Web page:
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Using Frameworks in iOS App Development

One thing that makes iOS software development so appealing is the richness of the tools and frameworks provided in the iOS Software Development Kit (SDK). In this regard, the frameworks are especially important.

Each one is a distinct body of code that actually implements your application’s generic functionality — in other words, frameworks give the application its basic way of working. This is especially true of one framework in particular: the UIKit framework, which is the heart of the user interface.

A framework offers common code that provides generic functionality. The SDK provides a set of frameworks for incorporating technologies, services, and features into your apps. For example, the UIKit framework gives you event-handling support, drawing support, windows, views, and controls that you can use in your app.

A framework is designed to easily integrate the code that runs, say, an app or game or that delivers the information your user wants. A framework is similar to a software library, but with an added twist: It also implements a program’s flow of control (in contrast to a software library, whose components are arranged by the programmer into a flow of control).

So, when working within a framework, the programmer doesn’t have to decide the order in which things should happen — such as which messages are sent to which objects and in what order when an application launches, or when a user touches a button on the screen. Instead, the order of those events, or flow of control, is a part of the framework.

When you use a framework, you provide your app with a ready-made set of basic functions; essentially you’ve told it “Here’s how to act,” and it’s in a position to take the ball and run with it. With the framework in place, all you need to do is add the specific functionality that you want in the app — the content as well as the controls and views that enable the user to access and use that content.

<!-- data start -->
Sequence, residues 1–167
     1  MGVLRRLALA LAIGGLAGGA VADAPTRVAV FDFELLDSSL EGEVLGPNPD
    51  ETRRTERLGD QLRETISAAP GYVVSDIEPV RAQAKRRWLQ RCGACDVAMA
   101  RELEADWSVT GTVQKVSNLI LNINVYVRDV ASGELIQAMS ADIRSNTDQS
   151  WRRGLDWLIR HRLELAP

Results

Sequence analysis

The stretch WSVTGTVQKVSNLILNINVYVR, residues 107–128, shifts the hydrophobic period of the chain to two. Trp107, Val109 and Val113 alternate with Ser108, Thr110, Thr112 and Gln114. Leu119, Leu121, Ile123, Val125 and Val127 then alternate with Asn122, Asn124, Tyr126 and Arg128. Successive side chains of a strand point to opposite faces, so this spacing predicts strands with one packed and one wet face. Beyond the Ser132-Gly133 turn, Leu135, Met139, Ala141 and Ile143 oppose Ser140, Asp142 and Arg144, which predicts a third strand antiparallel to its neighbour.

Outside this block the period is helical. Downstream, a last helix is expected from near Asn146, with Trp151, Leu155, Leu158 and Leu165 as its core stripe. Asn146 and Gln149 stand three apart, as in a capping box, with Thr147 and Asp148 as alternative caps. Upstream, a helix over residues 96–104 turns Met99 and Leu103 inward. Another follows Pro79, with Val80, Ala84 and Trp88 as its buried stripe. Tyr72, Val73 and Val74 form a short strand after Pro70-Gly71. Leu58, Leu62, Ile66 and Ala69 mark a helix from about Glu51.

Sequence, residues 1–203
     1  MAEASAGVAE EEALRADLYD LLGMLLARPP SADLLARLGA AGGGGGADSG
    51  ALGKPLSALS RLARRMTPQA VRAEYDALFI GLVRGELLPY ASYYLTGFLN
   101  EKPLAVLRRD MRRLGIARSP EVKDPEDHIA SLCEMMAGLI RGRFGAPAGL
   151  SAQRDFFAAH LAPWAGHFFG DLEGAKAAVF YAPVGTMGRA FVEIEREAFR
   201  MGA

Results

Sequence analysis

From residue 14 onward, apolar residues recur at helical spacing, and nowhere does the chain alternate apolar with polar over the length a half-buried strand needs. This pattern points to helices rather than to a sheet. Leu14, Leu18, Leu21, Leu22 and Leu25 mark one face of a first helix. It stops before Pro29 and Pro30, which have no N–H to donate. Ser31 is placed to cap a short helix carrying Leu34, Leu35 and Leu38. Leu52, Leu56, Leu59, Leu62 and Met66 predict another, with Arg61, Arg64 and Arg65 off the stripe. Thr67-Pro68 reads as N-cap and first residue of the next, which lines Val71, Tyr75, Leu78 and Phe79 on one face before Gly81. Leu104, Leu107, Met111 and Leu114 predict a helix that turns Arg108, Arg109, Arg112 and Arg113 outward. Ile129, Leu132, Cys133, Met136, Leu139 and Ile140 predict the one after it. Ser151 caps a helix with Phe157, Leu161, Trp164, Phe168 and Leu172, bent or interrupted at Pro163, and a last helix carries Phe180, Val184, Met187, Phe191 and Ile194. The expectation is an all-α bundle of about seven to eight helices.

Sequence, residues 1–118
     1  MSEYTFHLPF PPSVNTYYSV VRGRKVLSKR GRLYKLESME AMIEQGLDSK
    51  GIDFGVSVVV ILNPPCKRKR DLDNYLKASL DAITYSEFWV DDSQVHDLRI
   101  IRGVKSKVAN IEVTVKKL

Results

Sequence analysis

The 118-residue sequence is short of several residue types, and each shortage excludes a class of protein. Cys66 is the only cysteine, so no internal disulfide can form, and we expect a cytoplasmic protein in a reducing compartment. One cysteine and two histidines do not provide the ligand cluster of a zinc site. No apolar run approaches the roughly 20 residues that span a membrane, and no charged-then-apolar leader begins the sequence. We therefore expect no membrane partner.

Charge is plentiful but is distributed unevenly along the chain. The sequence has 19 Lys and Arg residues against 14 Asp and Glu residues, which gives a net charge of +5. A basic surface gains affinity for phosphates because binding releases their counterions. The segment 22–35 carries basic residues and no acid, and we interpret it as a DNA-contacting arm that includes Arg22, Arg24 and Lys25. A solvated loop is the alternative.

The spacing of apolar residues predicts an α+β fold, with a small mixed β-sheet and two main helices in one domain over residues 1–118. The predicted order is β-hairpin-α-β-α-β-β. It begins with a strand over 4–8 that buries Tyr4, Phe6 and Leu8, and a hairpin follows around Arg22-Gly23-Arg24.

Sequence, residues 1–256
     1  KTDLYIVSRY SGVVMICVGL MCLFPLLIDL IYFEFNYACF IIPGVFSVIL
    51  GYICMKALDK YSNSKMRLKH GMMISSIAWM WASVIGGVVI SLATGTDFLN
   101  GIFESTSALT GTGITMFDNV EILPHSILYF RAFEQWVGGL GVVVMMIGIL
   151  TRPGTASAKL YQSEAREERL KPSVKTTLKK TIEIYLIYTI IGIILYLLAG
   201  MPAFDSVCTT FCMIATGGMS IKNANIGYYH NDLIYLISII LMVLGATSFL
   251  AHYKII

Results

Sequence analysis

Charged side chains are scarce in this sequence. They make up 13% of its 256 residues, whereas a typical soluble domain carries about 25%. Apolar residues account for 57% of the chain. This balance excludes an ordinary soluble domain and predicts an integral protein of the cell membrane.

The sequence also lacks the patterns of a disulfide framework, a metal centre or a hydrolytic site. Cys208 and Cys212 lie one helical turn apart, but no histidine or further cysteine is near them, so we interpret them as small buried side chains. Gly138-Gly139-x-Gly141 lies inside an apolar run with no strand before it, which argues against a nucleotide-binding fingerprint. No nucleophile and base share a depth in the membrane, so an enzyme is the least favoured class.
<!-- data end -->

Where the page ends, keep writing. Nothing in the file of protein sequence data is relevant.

The frameworks and iOS provide pretty complex functionality, such as

  • Launching the app and displaying a window on the screen

  • Displaying controls on the screen and responding to a user action — changing a toggle switch, for example, or scrolling a view, such as the list of your contacts

  • Accessing sites on the Internet, not just through a browser but also from within your own program

  • Managing user preferences

  • Playing sounds and movies

Some developers talk in terms of “using a framework” — but in reality, your code doesn’t use the framework so much as the framework uses your code. Your code provides the functions that the framework accesses; the framework needs your code to become an app that does something other than start up, display a blank window, and then end. This perspective makes figuring out how to work with a framework much easier.

If this seems too good to be true, well, okay, it is — all that complexity (and convenience) comes at a cost. It can be really difficult to get your head around the whole thing and know exactly where (and how) to add your app’s functionality to the functionality that the framework supplies.

That’s where design patterns come in. Understanding the design patterns behind the frameworks gives you a way of thinking about a framework — especially UIKit because it's based on the MVC design pattern — that doesn’t make your head explode.

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